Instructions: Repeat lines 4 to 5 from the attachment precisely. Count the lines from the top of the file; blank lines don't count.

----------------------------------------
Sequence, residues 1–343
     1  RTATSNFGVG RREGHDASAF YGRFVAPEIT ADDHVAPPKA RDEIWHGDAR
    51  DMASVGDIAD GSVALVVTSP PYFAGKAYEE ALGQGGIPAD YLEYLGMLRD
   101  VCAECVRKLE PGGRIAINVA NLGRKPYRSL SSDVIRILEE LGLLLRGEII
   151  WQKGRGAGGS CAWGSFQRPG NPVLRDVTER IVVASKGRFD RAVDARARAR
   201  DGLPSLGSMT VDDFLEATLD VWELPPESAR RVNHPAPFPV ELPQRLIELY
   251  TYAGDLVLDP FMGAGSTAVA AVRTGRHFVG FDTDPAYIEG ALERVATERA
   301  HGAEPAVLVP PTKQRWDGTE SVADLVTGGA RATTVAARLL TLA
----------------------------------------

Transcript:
   101  VCAECVRKLE PGGRIAINVA NLGRKPYRSL SSDVIRILEE LGLLLRGEII
   151  WQKGRGAGGS CAWGSFQRPG NPVLRDVTER IVVASKGRFD RAVDARARAR